It starts in Advent when we hear the prophesy of the “people who walked in darkness have seen a great light.” Christ’s birth is heralded by both the shining Star of Bethlehem and the glory of the heavenly hosts. Then throughout the season of Epiphany, the metaphor of light is used to talk about Jesus and his ministry is anything but subtle as all that has been promised is fulfilled. Jesus is the “light to the nations,” as well as the lamp not hidden under the bushel basket. The climax and culmination of this season is the story of the Transfiguration, which we hear each year on the Last Sunday of Epiphany, when Jesus is transformed before three of his disciples and “his face shone like the sun, and his clothes became dazzling white.” (Matthew 17:2) It is an awesome and profound event which leaves Peter, James and John a bit stunned.
I was intrigued to learn that some celebrities and other notables wear sunglasses not only because they look “cool,” but also to protect their eyes from the spotlights on stage and paparazzi camera flashes. While most of us don’t have the problem of celebrity, we can attest to the annoying feeling of seeing too many camera flashes when spots appear before our eyes. It is distracting at best and physically painful at worst. I can’t imagine what my eyes would have felt like attempting to look at the transfigured Christ. I can believe that it could have caused at least momentary physical blindness, as well as a bit of spiritual blindness. By that I mean that the event would have been so awe-some that it would not have made sense in that moment. In fact, the Transfiguration doesn’t make much sense to the disciples, nor do they have much time to process it. They are immediately told that they are not to tell anyone about what they just witnessed until after the Resurrection.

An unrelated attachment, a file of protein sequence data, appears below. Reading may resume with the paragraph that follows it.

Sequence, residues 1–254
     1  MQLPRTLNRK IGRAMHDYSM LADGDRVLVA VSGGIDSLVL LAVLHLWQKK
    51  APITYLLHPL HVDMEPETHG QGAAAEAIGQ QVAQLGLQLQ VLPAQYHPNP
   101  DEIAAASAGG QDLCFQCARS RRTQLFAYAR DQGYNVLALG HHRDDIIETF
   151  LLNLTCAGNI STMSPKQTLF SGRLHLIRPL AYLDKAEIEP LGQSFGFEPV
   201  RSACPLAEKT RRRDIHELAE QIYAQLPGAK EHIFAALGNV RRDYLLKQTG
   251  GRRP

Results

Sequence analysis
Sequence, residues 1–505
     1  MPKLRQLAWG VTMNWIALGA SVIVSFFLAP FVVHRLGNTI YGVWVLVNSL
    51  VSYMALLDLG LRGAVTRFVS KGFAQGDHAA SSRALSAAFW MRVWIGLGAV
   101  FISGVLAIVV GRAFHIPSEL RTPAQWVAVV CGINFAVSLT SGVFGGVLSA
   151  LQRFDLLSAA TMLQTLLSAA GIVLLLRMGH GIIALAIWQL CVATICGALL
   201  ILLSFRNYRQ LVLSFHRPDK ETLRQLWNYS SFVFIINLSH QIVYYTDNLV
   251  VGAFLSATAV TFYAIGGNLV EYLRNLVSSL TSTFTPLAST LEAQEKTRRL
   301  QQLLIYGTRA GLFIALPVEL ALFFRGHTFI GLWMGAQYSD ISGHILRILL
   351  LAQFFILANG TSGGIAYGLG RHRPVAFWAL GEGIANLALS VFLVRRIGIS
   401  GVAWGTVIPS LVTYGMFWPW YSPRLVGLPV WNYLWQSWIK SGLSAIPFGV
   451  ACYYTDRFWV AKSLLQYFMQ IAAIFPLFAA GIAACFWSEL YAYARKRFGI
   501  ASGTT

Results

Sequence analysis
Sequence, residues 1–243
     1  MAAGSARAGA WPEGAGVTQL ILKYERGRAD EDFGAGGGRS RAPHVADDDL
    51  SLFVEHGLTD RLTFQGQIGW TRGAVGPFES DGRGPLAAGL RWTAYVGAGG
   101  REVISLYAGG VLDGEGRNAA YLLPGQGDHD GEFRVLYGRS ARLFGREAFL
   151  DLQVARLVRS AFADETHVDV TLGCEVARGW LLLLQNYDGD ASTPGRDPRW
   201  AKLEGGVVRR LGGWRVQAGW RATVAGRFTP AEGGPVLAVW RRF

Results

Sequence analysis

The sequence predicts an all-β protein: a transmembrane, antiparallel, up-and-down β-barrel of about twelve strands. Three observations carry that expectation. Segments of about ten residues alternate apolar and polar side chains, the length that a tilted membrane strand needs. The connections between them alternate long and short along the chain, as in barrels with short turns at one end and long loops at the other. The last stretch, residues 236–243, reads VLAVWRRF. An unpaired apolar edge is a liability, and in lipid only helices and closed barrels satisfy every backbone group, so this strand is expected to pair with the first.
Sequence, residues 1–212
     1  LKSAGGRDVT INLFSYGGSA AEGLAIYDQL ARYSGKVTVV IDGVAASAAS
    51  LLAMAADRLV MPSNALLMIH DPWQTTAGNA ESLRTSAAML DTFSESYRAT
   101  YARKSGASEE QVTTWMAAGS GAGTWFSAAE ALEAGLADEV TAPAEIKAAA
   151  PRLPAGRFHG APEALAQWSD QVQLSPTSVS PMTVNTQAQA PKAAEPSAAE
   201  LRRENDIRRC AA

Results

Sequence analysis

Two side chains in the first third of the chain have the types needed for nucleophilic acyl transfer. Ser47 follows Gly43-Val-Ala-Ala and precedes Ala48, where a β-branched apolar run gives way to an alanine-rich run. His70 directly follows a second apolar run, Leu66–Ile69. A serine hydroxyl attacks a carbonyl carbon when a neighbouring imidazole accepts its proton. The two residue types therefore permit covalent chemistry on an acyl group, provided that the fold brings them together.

We are blest with almost 2000 years of hindsight to comprehend and interpret this story that the disciples did not have. I am sure the Transfiguration made a lot more sense to them after the Resurrection, but they didn’t have the knowledge while it was happening. Perhaps it was because of their lack of understanding that Jesus didn’t want them to talk about it because they really couldn’t understand it in that moment.
Have you ever had an experience that you needed time to really comprehend what happened? It could be a positive event, like a birth or an achievement, or a difficult one, like a death or accident. Regardless, while our minds capture the details of what happened, it takes a while for it all to coalesce into a meaningful experience. And sometimes it takes another event for the first experience to be truly understood. For me, this is true about the death of my parents. Each experience was blinding in the moment, but slowly they have taught me lessons of love and forgiveness.
It takes time to be “enlightened.” It is interesting that in the Buddhist tradition, enlightenment is the ultimate goal. I believe, however, that God reveals God’s self (the Light) to us in wonderful and awesome ways throughout our lives, and our faith enables us to begin to make sense of how it all comes together. It is a reflective process, not a goal; a way of life rather than a destination.
As we come to the end of this “Season of Light,” take a moment to consider the flashes of light in your life. When were they? Did you learn something from them? How have they impacted your faith journey? Is there a lesson that you need to take with you into the season of Lent and its opportunity of reflection? Identifying these moments are just as important as making the time to learn from them. It also helps us to be more aware of them the next time they happen.
May you always know and feel the Light of Christ guiding you on your journey.